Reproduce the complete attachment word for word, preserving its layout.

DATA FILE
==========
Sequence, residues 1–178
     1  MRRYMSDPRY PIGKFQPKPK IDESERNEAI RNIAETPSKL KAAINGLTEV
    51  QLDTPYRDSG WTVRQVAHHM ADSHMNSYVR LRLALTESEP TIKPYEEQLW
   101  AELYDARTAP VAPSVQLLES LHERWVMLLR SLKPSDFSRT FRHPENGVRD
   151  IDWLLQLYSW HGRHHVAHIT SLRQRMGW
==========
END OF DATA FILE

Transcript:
Sequence, residues 1–178
     1  MRRYMSDPRY PIGKFQPKPK IDESERNEAI RNIAETPSKL KAAINGLTEV
    51  QLDTPYRDSG WTVRQVAHHM ADSHMNSYVR LRLALTESEP TIKPYEEQLW
   101  AELYDARTAP VAPSVQLLES LHERWVMLLR SLKPSDFSRT FRHPENGVRD
   151  IDWLLQLYSW HGRHHVAHIT SLRQRMGW